U.S. Supreme Court Declines To Review Mississippi’s Jim Crow-Era Felony Disenfranchisement Policy

WASHINGTON, D.C. — On Friday, June 30, the U.S. Supreme Court rejected a petition seeking review of Mississippi’s strict felony disenfranchisement provision (Section 241) that was enshrined in the state’s 1890 constitution. The 5th U.S. Circuit Court of Appeals previously upheld the constitutionality of the state’s felony disenfranchisement scheme in August 2022.

In 2017, individuals with prior felony convictions filed a lawsuit challenging Section 241.

The Jim Crow-era provision of the Mississippi Constitution at issue in the petition — which strips the right to vote for life from anyone convicted of bribery, theft, arson, obtaining money or goods under false pretenses, perjury, forgery, embezzlement or bigamy — was originally challenged in a consolidated lawsuit, Harness v. Watson. The lawsuit was filed by individuals with past felony convictions who alleged that the challenged provision was constructed and enacted with the intent to discriminate against Black voters and to prevent them from exercising their right to vote in violation of the 14th Amendment of the U.S. Constitution. 

Notably, the constitutional provision was amended by the Mississippi Legislature in 1950 to remove burglary and again in 1968 to add rape and murder as disenfranchising crimes. While the plaintiffs did not challenge the rape and murder amendment of the provision, they argued that the various other crimes that remained in Section 241 since 1890 are “tainted” by “racial animus” and “continue to disproportionately disfranchise African Americans to this day.”

In 2019, a trial court upheld Section 241 and in 2022, the 5th Circuit affirmed.

In September 2019, a district court upheld the amended version of Section 241, maintaining that the provision, as amended in the 1950s and 1960s, was ratified “without racial motivation.” The plaintiffs appealed this decision to the 5th Circuit and a three-judge panel affirmed the district court’s decision. In June 2021, the 5th Circuit granted the plaintiffs’ petition for rehearing en banc, meaning the full slate of 5th Circuit judges agreed to reconsider the three-judge panel’s previous decision.  

In an unsigned majority opinion released on Aug. 24, 2022, the en banc majority of the 5th Circuit affirmed the panel’s earlier decision, once again concluding that Section 241 does not violate the 14th Amendment’s Equal Protection Clause. In the opinion, the majority held that the plaintiffs failed to demonstrate that Section 241 was “motivated by discriminatory intent” or “racism” and that “Mississippi has conclusively shown that any taint associated with Section 241 has been cured” through its later amendments.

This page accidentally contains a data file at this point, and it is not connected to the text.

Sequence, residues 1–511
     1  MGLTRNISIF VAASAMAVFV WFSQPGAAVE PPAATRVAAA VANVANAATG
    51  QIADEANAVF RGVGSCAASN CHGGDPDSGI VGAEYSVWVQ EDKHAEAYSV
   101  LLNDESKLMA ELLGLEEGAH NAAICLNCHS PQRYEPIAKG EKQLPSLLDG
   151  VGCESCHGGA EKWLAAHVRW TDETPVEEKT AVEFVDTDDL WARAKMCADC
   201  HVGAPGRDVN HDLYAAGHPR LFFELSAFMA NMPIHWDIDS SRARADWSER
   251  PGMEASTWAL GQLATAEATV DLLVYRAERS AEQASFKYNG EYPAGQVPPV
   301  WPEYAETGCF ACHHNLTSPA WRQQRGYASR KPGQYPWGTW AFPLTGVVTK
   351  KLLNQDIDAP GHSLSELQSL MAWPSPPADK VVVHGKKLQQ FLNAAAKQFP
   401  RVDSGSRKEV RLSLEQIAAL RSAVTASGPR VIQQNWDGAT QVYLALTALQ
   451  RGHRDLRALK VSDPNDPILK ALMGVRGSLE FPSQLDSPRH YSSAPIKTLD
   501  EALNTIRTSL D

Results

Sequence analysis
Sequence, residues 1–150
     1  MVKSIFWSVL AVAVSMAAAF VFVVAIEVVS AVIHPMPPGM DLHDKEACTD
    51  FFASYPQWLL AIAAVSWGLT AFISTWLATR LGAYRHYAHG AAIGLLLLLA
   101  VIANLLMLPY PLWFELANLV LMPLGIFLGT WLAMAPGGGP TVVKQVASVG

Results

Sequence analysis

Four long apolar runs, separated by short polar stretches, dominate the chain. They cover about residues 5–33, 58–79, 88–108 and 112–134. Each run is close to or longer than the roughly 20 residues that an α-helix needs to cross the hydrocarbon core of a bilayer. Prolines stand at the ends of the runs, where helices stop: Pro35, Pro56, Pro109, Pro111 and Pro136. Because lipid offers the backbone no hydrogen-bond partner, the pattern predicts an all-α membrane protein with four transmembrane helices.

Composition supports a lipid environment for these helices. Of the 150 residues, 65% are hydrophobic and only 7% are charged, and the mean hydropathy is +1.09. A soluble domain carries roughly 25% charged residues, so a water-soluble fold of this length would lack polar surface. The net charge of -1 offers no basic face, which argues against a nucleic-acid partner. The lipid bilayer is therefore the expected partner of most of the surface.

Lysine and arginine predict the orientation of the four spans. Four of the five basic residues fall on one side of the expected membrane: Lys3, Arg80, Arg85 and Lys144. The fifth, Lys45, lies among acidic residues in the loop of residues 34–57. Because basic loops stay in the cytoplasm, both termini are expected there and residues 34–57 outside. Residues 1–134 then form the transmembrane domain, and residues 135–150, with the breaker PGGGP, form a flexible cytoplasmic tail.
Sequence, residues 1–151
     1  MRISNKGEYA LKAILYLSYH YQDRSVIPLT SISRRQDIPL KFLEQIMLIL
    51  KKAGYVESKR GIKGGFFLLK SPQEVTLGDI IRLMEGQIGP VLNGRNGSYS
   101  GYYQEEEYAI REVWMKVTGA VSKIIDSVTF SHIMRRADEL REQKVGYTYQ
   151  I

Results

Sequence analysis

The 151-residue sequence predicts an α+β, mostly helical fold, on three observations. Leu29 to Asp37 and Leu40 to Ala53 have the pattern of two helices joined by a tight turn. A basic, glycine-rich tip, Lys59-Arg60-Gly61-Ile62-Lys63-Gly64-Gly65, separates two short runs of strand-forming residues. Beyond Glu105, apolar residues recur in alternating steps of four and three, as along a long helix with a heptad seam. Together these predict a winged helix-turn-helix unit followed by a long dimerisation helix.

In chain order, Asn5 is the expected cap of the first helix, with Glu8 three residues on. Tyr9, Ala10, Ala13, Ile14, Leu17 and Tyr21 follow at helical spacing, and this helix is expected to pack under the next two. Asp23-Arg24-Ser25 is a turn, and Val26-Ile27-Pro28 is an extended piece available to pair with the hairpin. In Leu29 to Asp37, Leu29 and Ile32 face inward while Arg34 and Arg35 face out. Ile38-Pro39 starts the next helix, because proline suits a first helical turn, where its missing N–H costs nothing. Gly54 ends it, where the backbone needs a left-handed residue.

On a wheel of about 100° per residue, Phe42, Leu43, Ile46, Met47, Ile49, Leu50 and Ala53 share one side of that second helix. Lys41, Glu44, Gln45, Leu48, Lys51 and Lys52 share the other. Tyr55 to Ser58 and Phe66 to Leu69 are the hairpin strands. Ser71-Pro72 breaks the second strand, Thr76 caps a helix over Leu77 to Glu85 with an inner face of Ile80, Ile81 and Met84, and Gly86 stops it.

Although the majority agreed that the original version of Section 241 was undoubtedly undergirded by racist motivations, it asserted that because the provision was amended in 1968 in a manner that “was free of intentional racial discrimination,” it no longer conflicts with the Equal Protection Clause.

Following the 5th Circuit’s decision, the plaintiffs appealed to the U.S. Supreme Court.

In October 2022, the plaintiffs appealed this decision to the U.S. Supreme Court, asking the Court to reverse the 5th Circuit’s “egregiously wrong” decision and to rule that Section 241 violates the 14th Amendment of the U.S. Constitution. In their petition for a writ of certiorari, the petitioners underscored that the 5th Circuit erred in its decision holding that the amendments to Section 241 “cleansed” the provision of its “racial taint.” To the contrary, the petitioners noted that when Mississippians voted on the amendments to Section 241, they did not have the opportunity to weigh in on whether the numerous other disqualifying crimes originally enacted in 1890 “should be re-enacted or removed from the State’s Constitution.” 

Moreover, the petitioners pointed to the majority’s ahistorical assessment of these amendments, writing: “Nor does the historical context suggest that eliminating the discriminatory taint of the originally enacted Section 241 was an object of either of the amendments. Racial animus in Mississippi did not end with the 1890 convention. It is schoolbook history that the 1950s and 1960s were a notorious period of opposition throughout the south to the advances of the civil rights movement, nowhere more so than in Mississippi.” 

Importantly, the petitioners highlighted the staggering and very tangible impact of Section 241 on Black voters in particular: “African Americans constitute 36% of Mississippi’s voting age population, but 59% of its disenfranchised individuals. African American adults are thus 2.7 times more likely than white adults to have been convicted of a disenfranchising crime.” 

Ultimately, the Supreme Court’s rejection of the petition means that Mississippi’s felony disenfranchisement provision remains on the books and will continue to disenfranchise tens of thousands of Mississippians.

In a powerful dissent, Justice Ketanji Brown Jackson expressed why the Court “missed yet another opportunity to learn from its mistakes.”

In an earnest dissent, Jackson critiqued the Court’s decision to not review the case: “The mere passage of time cannot insulate from constitutional challenge a law that was invidious at its inception…In sum, I would have granted this petition to correct the Fifth Circuit’s clear and constitutionally momentous errors.”

Jackson concluded: “So, at the same time that the Court undertakes to slay other giants, Mississippians can only hope that they will not have to wait another century for a judicial knight-errant. Constitutional wrongs do not right themselves. With its failure to take action, the Court has missed yet another opportunity to learn from its mistakes.” 

Read the order denying the petition here.

Learn more about the case here.